I live on Herring Creek, in Tall Timbers, Maryland, where giant pines pierce the clouds with sharp needle fingers. Where massive oaks shoot bark-covered rockets up into the sky. Tall Timbers. A town perpetually growing the inspiration for its name.
More oblique is the name of the town where I grew up, 13 miles across the St. Mary’s County peninsula as the crow flies, or the osprey, or the heron. California, Maryland got its name because Mill Creek empties into the Patuxent River, close to where the river meets the Chesapeake Bay, which meets the Atlantic Ocean, which embraces the Pacific Ocean at South America’s Cape Horn. San Francisco was the destination hopeful 49ers had in mind as they began their 17,000 mile sea voyage during the 1849 Gold Rush. “You know,” locals might say, “Where those idiots are hopping ship to find gold in California.” Or, with more compassion perhaps, “You know, where those folks are coming back from California, nothin’ but holes in their pockets.” California, Maryland. A town bearing perpetual witness to the dance between hope and despair.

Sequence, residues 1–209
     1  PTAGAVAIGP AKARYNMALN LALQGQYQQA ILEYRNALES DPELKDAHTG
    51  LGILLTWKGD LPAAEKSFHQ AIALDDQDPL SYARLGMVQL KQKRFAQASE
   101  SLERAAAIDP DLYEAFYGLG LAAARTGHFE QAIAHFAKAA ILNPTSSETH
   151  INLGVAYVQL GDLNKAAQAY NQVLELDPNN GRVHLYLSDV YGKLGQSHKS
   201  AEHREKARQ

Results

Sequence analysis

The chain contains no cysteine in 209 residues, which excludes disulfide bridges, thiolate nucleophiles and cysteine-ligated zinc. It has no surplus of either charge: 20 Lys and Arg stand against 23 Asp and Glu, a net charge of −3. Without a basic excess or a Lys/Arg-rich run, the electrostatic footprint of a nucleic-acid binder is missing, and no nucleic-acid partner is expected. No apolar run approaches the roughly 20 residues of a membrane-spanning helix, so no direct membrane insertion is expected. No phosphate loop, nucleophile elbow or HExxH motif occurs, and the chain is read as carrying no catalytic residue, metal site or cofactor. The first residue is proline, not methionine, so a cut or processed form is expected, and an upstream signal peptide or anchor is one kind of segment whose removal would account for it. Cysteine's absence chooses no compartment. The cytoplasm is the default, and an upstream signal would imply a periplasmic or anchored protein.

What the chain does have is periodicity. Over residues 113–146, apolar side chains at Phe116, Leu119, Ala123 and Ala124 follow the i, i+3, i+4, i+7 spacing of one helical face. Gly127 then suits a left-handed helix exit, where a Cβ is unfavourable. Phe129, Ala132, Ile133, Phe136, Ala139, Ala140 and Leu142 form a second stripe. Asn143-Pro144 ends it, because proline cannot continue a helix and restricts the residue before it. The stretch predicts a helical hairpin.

The landmass of St. Mary’s County is 360 square miles, penetrated through and through by some 600 miles of shoreline. In these parts, you can’t go far without seeing water, and if you’re not seeing it, you can pretty much bet it’s there. Some secret cove whispering its way among listening trees. Some hidden thread of creek sewing itself into the fabric of earth. Water is a constant presence here, like the inning and outing of breath in my body, and it teaches me how to live, this permeating flow, it teaches me I am neither island nor mainland but peninsula, attached by a slender thread of flesh to the cosmic fabric. Part of the whole, I am distinguishable from it, vulnerable to penetrating forces and factors both hopeful and despairing, growing into the inspiration for my existence as the whole of which I am a part also and perpetually grows.